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September 23, 2009
October 02, 2009
Anti-testing advocates frequently decry the amount of time students spend on state summative assessments. I must admit that I’m persuaded that it’s gotten out of hand—in Connecticut, where I lived for the past 6 years, nearly every public school student in the state spent the better part of March taking tests. Even if the tests were better, it’s hard to justify taking 3-4 weeks out of a roughly 36-week school year away from instruction. But maybe it doesn’t have to be this way?
There is an old engineering maxim: “Good, fast, cheap; pick two.” When it comes to summative state assessments, we seem to have picked just one: cheap.
The truth is, if we want to build a better assessment, we need to set a more ambitious goal. The current crop of time consuming, low-quality tests isn’t the way the world needs to work; it’s simply the byproduct of a failure of imagination and leadership.
But what if we simply raised our expectations? Why can’t we, for example, have a new kind of test, aligned to the Common Core and leveraging the latest technology, that requires only 3-4 days of testing rather than 3-4 weeks?
Can’t be done? That’s what they said about the iPhone.
Apple’s innovations were as much a product of Steve Jobs’ commitment to doing the impossible as anything else. As Gregory Ferenstein wrote in a Fast Company article:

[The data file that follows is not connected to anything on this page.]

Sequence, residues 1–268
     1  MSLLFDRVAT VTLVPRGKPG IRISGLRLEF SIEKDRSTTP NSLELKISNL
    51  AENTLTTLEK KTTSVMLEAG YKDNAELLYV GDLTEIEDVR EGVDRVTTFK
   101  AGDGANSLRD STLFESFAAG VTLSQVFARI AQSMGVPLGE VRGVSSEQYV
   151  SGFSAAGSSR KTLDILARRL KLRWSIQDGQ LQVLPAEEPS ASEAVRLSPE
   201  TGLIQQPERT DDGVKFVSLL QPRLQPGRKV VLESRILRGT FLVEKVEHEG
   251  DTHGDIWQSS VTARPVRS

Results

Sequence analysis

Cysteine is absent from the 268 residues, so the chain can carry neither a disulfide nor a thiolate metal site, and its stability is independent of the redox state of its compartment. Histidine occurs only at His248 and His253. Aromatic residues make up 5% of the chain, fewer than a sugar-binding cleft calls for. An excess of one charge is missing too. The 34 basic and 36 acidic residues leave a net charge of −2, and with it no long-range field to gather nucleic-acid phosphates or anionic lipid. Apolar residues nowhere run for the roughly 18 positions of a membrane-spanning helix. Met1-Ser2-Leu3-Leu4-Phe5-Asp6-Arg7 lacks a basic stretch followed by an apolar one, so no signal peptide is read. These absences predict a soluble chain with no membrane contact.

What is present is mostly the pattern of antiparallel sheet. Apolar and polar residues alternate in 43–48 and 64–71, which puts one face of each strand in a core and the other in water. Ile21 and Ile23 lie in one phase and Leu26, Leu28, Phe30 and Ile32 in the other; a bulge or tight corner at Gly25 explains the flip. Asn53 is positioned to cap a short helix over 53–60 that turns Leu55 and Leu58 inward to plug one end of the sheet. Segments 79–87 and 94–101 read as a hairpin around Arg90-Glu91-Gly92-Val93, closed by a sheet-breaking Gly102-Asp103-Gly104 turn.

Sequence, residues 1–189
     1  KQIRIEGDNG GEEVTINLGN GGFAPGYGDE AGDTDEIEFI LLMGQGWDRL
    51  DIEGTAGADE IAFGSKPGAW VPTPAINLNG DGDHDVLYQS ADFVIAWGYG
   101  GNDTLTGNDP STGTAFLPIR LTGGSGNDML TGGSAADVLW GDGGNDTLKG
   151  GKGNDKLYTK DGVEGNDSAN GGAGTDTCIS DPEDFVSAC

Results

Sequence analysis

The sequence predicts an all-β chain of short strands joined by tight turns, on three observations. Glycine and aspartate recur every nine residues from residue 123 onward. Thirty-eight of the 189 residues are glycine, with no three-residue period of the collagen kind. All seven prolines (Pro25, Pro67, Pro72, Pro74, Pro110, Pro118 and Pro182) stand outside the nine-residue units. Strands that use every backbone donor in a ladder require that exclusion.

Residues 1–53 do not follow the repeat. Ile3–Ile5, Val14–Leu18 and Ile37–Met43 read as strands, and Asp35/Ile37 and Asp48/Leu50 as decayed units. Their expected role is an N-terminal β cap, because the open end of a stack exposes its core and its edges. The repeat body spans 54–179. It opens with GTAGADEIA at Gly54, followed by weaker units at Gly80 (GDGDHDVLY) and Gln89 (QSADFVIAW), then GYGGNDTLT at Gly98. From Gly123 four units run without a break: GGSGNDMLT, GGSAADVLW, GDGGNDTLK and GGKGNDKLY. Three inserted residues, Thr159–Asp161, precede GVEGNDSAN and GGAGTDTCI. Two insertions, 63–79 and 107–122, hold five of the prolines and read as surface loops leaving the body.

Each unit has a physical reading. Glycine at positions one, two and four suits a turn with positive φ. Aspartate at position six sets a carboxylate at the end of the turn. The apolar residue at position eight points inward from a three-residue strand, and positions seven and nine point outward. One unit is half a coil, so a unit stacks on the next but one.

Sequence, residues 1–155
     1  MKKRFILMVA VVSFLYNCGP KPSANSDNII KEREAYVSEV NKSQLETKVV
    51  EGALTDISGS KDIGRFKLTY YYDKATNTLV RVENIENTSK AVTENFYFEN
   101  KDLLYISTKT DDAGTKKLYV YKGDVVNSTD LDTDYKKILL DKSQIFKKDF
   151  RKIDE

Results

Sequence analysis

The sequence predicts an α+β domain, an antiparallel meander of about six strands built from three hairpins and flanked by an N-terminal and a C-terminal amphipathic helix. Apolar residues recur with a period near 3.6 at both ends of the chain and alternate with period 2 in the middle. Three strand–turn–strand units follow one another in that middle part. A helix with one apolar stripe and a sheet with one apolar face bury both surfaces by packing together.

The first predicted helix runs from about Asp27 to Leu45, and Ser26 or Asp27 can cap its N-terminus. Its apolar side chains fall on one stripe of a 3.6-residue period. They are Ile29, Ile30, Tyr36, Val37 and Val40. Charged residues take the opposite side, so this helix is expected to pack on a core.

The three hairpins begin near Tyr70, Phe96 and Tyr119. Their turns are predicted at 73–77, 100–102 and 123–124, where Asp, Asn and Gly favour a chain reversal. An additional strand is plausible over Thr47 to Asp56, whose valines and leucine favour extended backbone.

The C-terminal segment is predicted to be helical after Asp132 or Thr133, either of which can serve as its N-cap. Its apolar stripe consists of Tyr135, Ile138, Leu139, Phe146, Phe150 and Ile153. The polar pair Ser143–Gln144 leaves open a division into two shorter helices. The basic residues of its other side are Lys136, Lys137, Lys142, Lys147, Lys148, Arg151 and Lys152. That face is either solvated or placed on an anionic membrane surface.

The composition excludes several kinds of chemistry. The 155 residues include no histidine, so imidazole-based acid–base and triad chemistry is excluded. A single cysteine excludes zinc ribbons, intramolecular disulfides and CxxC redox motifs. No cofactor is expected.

Steve Jobs inspired heroic innovation to avoid the nuisance of a few extra seconds of boot time. We are wasting weeks of children’s lives on subpar tests and, as far as I can tell, all the future holds right now is more of the same. Where is education’s Steve Jobs? Think of how many lifetimes would be actually saved if we built a better assessment—one that not only painted a more accurate (and holistic) picture of student learning, but that did so by taking no more than 3-4 days away from the instruction that students need?
The truth is our education leaders have simply failed to make this a goal—or really to articulate an unambiguous vision of what we want from our summative assessments and to demand that we make that vision a reality. For example, this was the guidance given by the Department of Education for the Race to the Top Assessment Grant Program:
Such a goal is so broad as to be meaningless. It is a request for mediocrity.
If we are going to develop the assessments we so desperately need—and that teachers so desperately want—the first step is to make both quality and efficiency the priority. What if, instead, the Department of Education held a competition for a single assessment that:
Would this cost more to develop. Absolutely! The R&D for such a test would be far more than any individual state has so far been willing to pay. But, as I argued last December:
It may seem improbable that a new assessment system could meet all of these criteria right now, but that’s the point of innovation. You set a clear vision—perhaps one that seems impossible to achieve—and you put the smartest people in the country to work investing the time and resources to put “a dent in the universe” with their amazing ideas.
Given the importance of assessment to education, this investment in innovation is essential. And long overdue.